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on the Conversion of Cornelius
Is the conversion of Cornelius and his household an example of salvation before baptism?
Edward Fudge believes it is. In his book, Questions and Answers, page 110, Edward states, “I believe you will find such an example in Acts chapter 10”.
His argument is as follows:
(1) Peter says, “Whoever believes in Christ has remission of sins” (Acts 10: 43).
(2) Cornelius and his household do believe.
(3) God, seeing their faith, purifies their hearts by faith (Acts 15: 8-9).
(4) God baptizes them in the Holy Spirit and gives them the Holy Spirit as a
witness of His acceptance of them, and they speak in tongues.
(5) Peter, seeing God has accepted these people, commands them to be
baptized in water in the name of Jesus Christ.
The author of Questions and Answers appears to be searching for at least one example of someone being saved before they were baptized, that is, of being saved by faith alone. Are there other examples that can be cited? Apparently not. I invite you to examine this idea. I think you will find this to be an unwarranted assumption.
There are none. Surely such an important, basic doctrine could be found in the Scriptures. The Scriptures plainly and often state that salvation is by grace through faith but none say that salvation is by grace through faith alone. On the contrary the Scriptures state that faith alone is dead and useless (James 2: 14-26). So the author is left searching for examples that will support his position.
The Scriptures say he, a Gentile, was a devout man, one who feared God, gave many alms and prayed continually (Acts 10: 2).
In a vision an angel of God told him his prayers and alms had ascended as a memorial before God and that he should send for a man named Simon who is called Peter.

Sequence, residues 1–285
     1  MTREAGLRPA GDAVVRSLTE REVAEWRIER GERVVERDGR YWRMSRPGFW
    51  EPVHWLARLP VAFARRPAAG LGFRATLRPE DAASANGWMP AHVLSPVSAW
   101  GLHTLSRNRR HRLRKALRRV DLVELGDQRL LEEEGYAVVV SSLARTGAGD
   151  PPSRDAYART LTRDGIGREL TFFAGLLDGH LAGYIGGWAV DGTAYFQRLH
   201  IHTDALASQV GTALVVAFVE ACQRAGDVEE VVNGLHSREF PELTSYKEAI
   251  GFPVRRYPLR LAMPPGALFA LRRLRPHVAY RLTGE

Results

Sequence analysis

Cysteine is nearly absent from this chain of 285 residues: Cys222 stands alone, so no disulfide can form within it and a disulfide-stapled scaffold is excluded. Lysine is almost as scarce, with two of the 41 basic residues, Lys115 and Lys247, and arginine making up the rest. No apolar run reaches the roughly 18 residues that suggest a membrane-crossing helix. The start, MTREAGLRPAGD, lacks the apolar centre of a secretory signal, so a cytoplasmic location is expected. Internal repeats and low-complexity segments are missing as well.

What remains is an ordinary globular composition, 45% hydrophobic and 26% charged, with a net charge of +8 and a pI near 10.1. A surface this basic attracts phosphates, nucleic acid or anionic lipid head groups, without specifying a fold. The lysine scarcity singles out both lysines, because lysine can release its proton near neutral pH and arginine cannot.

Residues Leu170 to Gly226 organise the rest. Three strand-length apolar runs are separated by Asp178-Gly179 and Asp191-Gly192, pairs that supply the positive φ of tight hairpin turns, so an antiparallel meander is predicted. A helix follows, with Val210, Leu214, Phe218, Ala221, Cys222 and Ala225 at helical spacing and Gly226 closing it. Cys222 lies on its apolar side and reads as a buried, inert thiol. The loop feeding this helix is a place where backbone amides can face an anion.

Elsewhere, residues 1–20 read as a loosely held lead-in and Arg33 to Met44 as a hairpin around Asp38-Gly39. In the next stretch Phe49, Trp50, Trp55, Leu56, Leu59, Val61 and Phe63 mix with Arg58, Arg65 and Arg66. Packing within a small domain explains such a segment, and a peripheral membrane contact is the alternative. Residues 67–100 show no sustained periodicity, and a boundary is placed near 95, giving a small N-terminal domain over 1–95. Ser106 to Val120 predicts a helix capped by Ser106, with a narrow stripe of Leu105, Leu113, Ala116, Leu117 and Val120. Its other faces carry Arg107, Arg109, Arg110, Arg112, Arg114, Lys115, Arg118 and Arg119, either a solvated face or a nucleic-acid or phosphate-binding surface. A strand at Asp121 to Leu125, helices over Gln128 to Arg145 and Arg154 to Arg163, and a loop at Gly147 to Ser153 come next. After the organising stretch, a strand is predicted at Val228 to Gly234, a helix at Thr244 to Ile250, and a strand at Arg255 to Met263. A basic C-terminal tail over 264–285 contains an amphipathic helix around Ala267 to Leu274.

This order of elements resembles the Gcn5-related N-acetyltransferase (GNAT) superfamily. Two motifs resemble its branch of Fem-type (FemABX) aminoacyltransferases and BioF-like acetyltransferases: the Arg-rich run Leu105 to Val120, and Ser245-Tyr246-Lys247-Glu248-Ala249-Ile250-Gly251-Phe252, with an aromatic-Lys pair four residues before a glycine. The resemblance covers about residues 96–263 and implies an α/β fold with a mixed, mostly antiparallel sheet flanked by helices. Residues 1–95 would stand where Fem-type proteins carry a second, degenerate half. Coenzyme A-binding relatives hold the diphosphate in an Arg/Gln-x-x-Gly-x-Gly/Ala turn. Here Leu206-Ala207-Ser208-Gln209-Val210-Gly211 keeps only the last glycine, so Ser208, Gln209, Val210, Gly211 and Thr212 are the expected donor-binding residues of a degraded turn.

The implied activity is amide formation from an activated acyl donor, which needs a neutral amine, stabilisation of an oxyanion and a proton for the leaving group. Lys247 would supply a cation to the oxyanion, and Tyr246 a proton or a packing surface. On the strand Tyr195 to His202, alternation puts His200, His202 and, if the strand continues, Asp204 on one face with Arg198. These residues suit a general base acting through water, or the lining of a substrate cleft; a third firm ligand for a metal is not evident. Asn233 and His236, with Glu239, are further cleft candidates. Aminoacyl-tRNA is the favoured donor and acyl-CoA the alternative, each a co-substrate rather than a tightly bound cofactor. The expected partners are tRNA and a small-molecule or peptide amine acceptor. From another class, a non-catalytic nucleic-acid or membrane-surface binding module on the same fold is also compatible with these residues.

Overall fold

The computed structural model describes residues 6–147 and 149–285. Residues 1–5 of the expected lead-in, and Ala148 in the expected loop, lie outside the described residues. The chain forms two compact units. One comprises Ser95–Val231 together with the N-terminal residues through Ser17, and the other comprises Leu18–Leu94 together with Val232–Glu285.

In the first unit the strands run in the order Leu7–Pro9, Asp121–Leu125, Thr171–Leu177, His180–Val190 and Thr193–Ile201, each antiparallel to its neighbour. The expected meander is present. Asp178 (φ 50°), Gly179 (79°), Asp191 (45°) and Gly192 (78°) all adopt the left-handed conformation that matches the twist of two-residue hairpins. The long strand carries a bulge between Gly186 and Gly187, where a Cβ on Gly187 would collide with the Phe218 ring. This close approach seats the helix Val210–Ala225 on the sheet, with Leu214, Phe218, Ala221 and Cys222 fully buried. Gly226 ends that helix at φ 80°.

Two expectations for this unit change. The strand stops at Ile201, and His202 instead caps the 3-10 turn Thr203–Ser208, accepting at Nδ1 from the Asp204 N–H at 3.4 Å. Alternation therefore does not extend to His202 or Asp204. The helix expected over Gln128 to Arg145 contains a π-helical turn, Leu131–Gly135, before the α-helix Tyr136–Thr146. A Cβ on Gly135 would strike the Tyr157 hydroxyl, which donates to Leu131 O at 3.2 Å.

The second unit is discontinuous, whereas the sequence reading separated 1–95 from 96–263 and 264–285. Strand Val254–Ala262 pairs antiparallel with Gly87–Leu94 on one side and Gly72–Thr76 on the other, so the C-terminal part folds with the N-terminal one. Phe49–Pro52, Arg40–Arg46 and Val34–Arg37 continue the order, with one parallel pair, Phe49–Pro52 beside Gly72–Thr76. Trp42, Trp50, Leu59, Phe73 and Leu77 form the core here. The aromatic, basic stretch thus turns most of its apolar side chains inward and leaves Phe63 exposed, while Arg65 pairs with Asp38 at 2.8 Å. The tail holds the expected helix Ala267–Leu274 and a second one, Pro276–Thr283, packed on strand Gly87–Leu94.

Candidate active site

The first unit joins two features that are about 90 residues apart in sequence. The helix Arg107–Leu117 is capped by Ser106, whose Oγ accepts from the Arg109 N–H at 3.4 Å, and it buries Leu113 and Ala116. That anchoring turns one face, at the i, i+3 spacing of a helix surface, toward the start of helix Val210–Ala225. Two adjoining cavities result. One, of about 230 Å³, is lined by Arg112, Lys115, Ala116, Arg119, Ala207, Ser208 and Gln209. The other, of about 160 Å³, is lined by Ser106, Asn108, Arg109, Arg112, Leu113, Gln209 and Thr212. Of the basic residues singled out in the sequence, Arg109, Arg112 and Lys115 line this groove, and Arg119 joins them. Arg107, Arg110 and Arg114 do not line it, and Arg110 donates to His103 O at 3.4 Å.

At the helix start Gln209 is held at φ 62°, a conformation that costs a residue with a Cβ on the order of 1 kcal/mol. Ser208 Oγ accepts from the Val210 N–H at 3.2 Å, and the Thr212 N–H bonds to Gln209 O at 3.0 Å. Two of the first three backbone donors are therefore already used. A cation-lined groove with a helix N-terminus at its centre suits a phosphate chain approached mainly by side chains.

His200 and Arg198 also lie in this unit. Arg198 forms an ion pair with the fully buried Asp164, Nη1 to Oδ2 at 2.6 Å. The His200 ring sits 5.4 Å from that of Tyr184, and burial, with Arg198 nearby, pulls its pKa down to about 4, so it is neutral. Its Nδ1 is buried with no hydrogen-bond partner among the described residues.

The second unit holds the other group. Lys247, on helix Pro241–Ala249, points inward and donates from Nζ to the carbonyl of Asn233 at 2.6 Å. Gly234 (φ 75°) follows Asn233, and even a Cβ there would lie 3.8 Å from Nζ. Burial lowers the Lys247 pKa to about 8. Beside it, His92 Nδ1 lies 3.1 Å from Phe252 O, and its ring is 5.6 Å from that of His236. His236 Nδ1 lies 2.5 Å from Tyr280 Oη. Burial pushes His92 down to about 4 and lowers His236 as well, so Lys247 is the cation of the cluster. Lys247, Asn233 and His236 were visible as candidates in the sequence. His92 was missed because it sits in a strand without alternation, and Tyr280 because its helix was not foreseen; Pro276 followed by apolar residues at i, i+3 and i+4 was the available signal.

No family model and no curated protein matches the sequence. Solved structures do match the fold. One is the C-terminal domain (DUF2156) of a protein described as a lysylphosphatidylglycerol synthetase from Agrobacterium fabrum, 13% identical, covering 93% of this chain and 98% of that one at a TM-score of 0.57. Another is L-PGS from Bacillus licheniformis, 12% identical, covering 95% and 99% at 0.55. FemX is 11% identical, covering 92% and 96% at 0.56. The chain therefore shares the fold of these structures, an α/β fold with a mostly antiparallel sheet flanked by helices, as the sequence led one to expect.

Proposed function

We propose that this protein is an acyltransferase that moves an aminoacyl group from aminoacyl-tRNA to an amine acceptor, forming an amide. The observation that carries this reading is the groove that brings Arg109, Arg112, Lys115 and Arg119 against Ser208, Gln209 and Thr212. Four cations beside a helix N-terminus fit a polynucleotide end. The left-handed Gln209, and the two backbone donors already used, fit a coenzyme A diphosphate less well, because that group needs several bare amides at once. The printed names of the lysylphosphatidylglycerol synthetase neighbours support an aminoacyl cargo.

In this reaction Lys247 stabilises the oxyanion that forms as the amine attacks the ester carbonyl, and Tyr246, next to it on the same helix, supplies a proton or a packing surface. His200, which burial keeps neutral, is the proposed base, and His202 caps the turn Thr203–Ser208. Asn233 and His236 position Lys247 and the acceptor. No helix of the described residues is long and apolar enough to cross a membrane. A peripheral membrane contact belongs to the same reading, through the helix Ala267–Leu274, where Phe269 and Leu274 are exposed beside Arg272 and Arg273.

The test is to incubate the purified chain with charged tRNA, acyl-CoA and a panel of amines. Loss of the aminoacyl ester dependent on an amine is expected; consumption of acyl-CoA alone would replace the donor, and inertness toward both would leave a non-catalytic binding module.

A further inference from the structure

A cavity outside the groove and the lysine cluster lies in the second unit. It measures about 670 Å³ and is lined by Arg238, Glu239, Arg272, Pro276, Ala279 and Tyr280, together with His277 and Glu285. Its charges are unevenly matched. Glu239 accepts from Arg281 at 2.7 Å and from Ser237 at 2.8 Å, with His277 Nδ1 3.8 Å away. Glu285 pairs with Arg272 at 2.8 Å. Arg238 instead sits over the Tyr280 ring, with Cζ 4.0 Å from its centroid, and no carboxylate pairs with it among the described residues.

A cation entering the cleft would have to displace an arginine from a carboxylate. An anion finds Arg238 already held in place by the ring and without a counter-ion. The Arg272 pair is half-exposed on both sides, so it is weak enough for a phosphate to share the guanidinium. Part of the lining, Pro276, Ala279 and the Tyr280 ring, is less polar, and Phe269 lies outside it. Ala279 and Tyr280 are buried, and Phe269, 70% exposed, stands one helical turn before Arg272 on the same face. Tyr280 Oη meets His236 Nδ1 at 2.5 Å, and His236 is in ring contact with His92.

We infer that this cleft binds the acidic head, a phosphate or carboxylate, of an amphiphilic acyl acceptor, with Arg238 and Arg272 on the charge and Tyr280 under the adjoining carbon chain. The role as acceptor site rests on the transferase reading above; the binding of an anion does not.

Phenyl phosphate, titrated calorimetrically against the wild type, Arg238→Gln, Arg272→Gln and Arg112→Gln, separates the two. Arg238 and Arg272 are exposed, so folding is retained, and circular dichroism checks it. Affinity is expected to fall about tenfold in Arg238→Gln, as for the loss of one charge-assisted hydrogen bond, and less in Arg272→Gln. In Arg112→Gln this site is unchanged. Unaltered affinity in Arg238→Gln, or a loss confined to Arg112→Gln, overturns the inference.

They considered it unlawful for a Jew to associate with or visit a foreigner. Yet God had shown Peter in a vision that he should not call any man unholy or unclean. Therefore he and some of the Jewish brethren from Joppa went to speak with Cornelius about the things of God. Peter spoke to him about the death, burial and resurrection of Jesus from the dead.
As Peter was speaking, the Holy Spirit fell upon Cornelius and his household and they began speaking in tongues and exalting God.
Certainly Cornelius was saved as he was told by the angel to send for Peter who “shall speak words to you by which you shall be saved.” As best I can tell, the record simply does not tell us when he was saved. He certainly was saved but the idea that he was saved immediately upon believing is simply an unproven and unwarranted assumption.
Does the passage, “that through His name everyone who believes in Him receives forgiveness of sins” indicate that they were saved immediately upon coming to faith in God?
I don’t think it does for the following reasons:
Mr. Fudge quotes Acts 10: 43 as saying, “whoever believes in Jesus has remission of sins.” QUESTIONS AND ANSWERS, pg 106 I don’t know which version he is quoting as he doesn’t say. This quotation is not like any I know. Checks of the more common versions render the passage as follows:
My understanding is that we receive remission of sins through faith when that faith is perfected by obedience to God’s command to repent and be baptized into Christ. At that point we are freed from sin (Romans 6: 3- 7; 17, 18).
But doesn’t the Apostle John state, “He who hears my word, and believes Him who sent Me, has eternal life”?
Yes he did. The problem “faith alone” people have, is that if they hold eternal life is given immediately upon believing, and then what will they do with those passages in which people had believed yet their sins had not been forgiven. Acts 2: 38 is a very troubling passage for them because the passage states that it applies to, both Jew and Gentile and all who are far off. All people are commanded to repent and be baptized for the remission of sins. The apparent problem is resolved when we understand that salvation is a process. This process begins when we come to faith in God but is not perfected or completed until by faith we repent and are baptized. Baptism without faith is simply getting wet.